Fitbit is releasing a new smartwatch, this time with an added AI punch. Aldi is looking to nutrition labelling in Switzerland, and Woolworth's stays strong in Australia. Meanwhile, some FMCG companies and retailers get both serious and creative about training. Read on, and enjoy the rest of your day!




Thursday, 29 August 2019





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Fitbit is releasing a new smartwatch, this time with an added AI punch. Aldi is looking to nutrition labelling in Switzerland, and Woolworth's stays strong in Australia. Meanwhile, some FMCG companies and retailers get both serious and creative about training. Read on, and enjoy the rest of your day!




US and Canada


Selling up ▪ Canadian owned department store staple Lord and Taylor is being acquired by relative newcomer Le Tote for USD 100 million. The deal will see Hudson's Bay retain certain assets to the chain. Le Tote is a clothing subscriptions retailer.



Discount success ▪ Five Below is continuing its upwards trajectory, with 44 stores opened this quarter and a net income just above estimates. Net sales fell slightly short of expectations, however, the value retailer is on track to open 150 stores by the end of the fiscal year.



Delivery deals ▪ McDonald's is expanding its McDelivery service to thousands of stores across the US, after seeing success from its 200-store trial earlier this year. The move is in partnership with DoorDash, and customers will be able to place orders through the delivery service's app.



Fitness first ▪ Exercise and electronics platform Fitbit is rolling out a new smartwatch, the Versa 2, which will feature Amazon's Alexa voice AI. The watch will also include online payment and music storage. Meanwhile, Amazon is purported to be in the testing stages of new ad campaign software.




Europe


Aldi update ▪ The German discounter is pinning its hopes on the Nutri-Score scale in Switzerland. The discounter wants to be the first retailer in the country to introduce the five-stage nutritional labelling system, starting from next year. Initially, Aldi Suisse plans to print the logo on some of its own brands for testing purposes.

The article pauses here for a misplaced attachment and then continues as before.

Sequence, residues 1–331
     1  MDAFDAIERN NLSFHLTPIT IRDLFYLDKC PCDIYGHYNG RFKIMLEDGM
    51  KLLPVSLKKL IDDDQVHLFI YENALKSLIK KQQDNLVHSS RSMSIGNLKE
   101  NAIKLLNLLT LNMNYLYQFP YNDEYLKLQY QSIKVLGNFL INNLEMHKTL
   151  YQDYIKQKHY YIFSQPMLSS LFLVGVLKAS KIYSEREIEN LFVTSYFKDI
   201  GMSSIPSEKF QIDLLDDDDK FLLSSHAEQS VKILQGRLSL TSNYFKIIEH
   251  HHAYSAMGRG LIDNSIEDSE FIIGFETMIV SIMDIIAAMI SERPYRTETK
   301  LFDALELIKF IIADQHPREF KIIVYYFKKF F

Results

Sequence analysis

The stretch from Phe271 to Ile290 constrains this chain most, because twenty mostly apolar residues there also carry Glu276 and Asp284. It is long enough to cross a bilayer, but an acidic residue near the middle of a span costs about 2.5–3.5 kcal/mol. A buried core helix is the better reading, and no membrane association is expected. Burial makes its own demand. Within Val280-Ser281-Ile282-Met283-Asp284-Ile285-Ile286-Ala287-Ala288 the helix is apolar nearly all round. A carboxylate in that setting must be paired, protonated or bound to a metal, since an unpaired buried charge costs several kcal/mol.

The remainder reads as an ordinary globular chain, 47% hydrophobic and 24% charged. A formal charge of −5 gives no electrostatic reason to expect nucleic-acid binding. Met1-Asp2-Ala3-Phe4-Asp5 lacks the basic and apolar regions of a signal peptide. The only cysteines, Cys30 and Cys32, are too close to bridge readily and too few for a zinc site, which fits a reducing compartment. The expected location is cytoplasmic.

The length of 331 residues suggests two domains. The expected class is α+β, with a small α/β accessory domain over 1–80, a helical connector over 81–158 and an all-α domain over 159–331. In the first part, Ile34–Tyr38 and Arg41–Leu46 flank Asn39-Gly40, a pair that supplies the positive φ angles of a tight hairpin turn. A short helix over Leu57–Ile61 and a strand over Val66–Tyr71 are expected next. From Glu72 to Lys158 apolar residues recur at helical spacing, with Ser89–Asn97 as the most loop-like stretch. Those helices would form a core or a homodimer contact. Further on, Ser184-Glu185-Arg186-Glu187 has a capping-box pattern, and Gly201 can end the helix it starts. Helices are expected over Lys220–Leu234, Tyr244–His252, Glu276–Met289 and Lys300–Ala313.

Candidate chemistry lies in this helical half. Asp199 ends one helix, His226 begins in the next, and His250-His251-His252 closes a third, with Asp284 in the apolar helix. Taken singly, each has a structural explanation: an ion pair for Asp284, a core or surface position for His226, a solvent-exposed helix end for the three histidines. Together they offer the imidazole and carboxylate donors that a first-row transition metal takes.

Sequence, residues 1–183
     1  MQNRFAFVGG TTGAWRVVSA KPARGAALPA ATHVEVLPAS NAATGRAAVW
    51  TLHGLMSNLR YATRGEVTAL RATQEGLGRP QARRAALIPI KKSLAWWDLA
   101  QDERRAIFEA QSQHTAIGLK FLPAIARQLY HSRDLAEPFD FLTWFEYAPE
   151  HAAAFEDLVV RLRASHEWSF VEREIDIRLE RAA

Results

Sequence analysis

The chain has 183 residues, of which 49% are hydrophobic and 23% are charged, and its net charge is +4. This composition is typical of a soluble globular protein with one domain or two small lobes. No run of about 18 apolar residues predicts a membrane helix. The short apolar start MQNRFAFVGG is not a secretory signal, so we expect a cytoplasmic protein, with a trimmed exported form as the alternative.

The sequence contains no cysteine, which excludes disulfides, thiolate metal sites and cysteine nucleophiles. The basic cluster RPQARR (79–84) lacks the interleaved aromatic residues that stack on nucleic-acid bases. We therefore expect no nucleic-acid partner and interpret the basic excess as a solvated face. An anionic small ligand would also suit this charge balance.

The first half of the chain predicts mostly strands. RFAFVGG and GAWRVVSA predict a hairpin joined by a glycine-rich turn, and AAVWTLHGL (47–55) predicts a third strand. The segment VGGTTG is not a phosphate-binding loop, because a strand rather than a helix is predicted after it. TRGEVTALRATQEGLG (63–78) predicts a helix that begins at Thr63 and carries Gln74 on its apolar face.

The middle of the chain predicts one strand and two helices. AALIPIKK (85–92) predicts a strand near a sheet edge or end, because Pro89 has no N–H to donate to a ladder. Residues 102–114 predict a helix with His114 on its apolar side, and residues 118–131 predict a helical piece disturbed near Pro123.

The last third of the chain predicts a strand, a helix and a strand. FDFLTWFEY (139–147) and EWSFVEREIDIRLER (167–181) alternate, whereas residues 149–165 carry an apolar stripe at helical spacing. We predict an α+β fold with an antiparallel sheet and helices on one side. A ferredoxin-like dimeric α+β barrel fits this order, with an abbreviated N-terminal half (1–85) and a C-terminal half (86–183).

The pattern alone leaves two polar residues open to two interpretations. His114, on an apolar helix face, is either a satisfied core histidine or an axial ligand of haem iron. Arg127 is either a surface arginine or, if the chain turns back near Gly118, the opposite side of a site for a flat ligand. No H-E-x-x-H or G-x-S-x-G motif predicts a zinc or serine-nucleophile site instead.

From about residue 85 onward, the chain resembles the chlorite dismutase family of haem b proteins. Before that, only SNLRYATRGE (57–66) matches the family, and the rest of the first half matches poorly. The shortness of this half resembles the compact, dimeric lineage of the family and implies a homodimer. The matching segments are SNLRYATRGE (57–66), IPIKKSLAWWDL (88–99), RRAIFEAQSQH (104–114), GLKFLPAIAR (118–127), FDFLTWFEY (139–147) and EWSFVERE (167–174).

Produce purchase ▪ Spanish food processing company Ebro has acquired specialist rice brand Tilda from Hain Celestial. The deal is a 'strategic sale' for the US company, who will use the funds to decrease debt and increase shareholder profit.



Reporting results ▪ British books and stationary franchise WHSmith has reported its earnings are in line with estimates, bolstered in particular by a boost in sales at airports. On the other hand, beauty retailer Coty's quarterly results have suffered from an EUR 2.7 billion write-down in brand value.




Australasia


Going strong ▪ Woolworths has reported a 9% rise in underlying profit with net profit rising to AUD 1.75 billion, up from 1.61 the year prior. This beats estimates of AUD 1.74 billion. The Australian supermarket leader's results were bolstered by a strong performance in its Australian Food division.



Franchise expansion ▪ 7-Eleven has seen a 7.2% hike in sales in Malaysia, after the Japanese c-store chain opened a swathe of new locations in the country. Meanwhile, electrical appliances retailer Gome is planning 1,000 store openings in China as its restructure efforts see results.




Innovative training


Play time ▪ Danish retailing company Dagrofa is implementing a digital game-based training programme in 51 Spar stores. The Store Game features a competitive, points-based system which incentivises employees to play, and has reportedly been seen to increase sales in stores by 4%.



Taking action ▪ Fast food favourite McDonald's is prepping a new training initiative for its employees in the US. The program will start in October, and focuses on anti-harassment, workplace bullying, and retaliation prevention.